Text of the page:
Dr. Banks adds "Cultivation close to the plants has the potential to destroy much of this shallow root system. The plant will continue to place emphasis on root growth until it starts being pulled down due to that load, so we should have a week or two to get a good root system going." According to Jerry Goodson, OSU entomology research assistant, we have been having some aphids show up in fields. In these fields, Jerry also has been observing a build up of beneficial insects so hopefully, the beneficials will be taking care of the aphid population. Spraying for aphids at this time will also decrease the benfficial insect populations and could possibly set up the cotton for some sprayings later in the season. "Earlier damage to the squares by fleahoppers will delay the crop somewhat, and in these areas, an application of growth regulator may be needed to keep the plant from developing too much vegetative growth."
The Farm Bill Follies Move to the Full House Ag Committee Today.
~~~~~~~~~~~~~~~~~~~~~~~~~~~~~~~~~~~~~~~~~~At midday today, the markup of the 2007 Farm Bill by the full House Ag Committee is scheduled to begin. There are a lot of questions to be answered about where the Committee will land on several key issues, especially in the Commodity Title and also in the Conservation Title.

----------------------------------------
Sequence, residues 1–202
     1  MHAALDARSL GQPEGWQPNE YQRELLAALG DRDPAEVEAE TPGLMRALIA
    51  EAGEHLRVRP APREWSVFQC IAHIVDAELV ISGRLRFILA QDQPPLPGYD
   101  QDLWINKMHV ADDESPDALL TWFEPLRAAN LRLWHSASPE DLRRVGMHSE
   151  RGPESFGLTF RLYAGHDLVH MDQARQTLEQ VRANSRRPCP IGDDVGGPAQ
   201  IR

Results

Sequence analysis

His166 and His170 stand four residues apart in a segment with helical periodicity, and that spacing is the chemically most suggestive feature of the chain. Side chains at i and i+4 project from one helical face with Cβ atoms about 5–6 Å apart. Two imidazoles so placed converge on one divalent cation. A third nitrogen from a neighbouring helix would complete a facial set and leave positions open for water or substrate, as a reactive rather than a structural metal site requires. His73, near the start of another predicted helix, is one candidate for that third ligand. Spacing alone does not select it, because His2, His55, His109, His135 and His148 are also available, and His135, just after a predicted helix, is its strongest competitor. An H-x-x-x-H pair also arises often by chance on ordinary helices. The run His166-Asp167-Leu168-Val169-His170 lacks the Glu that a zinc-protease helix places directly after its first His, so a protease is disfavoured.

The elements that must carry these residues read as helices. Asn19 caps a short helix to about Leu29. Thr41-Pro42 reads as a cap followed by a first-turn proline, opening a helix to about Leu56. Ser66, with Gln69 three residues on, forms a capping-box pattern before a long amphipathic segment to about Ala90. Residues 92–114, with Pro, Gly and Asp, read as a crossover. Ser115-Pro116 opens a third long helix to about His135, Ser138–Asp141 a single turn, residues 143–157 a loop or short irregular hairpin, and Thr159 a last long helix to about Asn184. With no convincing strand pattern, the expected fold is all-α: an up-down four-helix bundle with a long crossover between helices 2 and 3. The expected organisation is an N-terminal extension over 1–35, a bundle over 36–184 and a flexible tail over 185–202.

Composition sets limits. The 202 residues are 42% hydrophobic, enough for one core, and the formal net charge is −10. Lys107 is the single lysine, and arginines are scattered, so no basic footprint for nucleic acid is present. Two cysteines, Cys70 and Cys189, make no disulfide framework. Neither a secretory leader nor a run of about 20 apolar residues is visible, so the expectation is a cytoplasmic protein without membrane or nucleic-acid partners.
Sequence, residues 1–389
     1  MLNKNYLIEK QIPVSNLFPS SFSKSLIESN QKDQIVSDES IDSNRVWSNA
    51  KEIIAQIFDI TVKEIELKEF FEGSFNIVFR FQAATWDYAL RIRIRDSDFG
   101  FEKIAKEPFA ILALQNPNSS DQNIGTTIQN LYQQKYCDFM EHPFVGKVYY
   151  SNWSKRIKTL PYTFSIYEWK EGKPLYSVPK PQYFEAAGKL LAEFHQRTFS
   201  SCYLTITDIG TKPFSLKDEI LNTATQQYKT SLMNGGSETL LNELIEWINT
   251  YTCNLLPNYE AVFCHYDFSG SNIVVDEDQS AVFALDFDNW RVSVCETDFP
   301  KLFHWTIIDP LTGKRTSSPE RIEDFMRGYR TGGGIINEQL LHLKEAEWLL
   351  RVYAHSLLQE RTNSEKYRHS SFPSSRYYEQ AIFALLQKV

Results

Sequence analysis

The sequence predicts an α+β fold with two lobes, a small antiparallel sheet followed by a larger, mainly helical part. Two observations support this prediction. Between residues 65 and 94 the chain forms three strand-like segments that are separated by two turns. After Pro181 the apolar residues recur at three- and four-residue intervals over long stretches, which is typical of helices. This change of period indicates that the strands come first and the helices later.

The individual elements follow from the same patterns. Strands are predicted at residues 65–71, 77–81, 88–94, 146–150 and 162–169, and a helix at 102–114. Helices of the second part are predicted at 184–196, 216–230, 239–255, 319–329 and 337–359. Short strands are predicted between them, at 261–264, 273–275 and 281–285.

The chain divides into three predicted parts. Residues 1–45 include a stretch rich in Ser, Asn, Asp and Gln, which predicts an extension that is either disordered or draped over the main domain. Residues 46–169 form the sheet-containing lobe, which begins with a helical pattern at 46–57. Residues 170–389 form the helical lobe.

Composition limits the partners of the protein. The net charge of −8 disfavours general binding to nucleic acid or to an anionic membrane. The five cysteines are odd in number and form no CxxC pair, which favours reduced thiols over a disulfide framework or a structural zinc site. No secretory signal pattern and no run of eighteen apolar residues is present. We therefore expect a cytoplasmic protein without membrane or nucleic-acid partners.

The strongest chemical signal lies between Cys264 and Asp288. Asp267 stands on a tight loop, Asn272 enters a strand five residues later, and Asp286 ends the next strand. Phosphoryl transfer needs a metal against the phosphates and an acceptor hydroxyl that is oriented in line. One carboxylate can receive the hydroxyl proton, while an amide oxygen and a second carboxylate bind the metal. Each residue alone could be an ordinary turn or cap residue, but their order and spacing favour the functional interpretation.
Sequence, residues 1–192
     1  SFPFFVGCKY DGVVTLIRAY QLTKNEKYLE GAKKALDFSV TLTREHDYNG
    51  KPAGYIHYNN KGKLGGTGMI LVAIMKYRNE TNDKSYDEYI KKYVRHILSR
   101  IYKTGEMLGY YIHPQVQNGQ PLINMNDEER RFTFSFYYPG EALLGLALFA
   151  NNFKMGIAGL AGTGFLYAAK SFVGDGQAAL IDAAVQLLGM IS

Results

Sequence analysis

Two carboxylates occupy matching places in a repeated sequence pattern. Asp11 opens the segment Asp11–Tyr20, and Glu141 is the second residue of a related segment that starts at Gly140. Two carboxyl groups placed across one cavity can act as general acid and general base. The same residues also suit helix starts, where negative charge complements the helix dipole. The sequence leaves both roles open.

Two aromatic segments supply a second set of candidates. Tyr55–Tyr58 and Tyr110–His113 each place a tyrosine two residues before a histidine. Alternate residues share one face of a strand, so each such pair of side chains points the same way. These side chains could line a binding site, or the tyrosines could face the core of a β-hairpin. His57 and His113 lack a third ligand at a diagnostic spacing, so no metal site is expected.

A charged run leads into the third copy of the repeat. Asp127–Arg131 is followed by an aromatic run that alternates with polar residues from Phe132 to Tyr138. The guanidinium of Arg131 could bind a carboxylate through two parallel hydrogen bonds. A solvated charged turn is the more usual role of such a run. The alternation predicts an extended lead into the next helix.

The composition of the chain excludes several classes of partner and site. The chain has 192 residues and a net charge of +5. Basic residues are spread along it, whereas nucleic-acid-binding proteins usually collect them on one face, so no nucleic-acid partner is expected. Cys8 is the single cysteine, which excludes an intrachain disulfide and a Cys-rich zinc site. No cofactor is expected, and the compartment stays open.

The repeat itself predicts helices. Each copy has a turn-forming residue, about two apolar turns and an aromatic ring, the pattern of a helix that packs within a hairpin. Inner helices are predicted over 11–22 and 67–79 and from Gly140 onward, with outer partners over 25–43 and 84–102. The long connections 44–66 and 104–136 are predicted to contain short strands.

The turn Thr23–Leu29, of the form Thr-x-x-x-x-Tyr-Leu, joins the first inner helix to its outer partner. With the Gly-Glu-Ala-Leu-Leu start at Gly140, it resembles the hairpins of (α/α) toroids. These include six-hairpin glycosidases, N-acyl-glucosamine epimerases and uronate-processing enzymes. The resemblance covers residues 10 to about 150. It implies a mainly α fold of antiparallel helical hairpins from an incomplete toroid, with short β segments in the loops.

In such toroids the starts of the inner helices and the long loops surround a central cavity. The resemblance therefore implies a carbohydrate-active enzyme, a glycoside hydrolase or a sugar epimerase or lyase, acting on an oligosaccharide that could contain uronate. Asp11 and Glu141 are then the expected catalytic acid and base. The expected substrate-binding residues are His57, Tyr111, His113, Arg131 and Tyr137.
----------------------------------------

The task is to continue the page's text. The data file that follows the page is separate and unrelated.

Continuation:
There are a lot of naysayers out there taking pot shots at what the Chairman of the House Ag Committee is thinking at this point in the game. Secretary of Agriculture Mike Johanns does not like the Commodity Title crafted by Peterson after his Subcommittee voted 18 to nothing to leave the Commodity program virtually unchanged compared to the 2002 farm law. Secretary Johanns wrote a stern letter to Peterson and we have it linked below.
Several Liberal leaning Church Organizations have jumped ont he Dump the Traditional Farm Program Hay Ride and they plan on eating breakfast together this morning in Washington and taking turns dumping on the House Ag Committee and praising Farm21, the Ron Kind alternative. Among the church organizations that will have representatives present for that media event this morning will be the National Catholic Social Justice Lobby, the Progressive National Baptist Convention, Evangelical Lutherans and the Faith Based Bread for the World.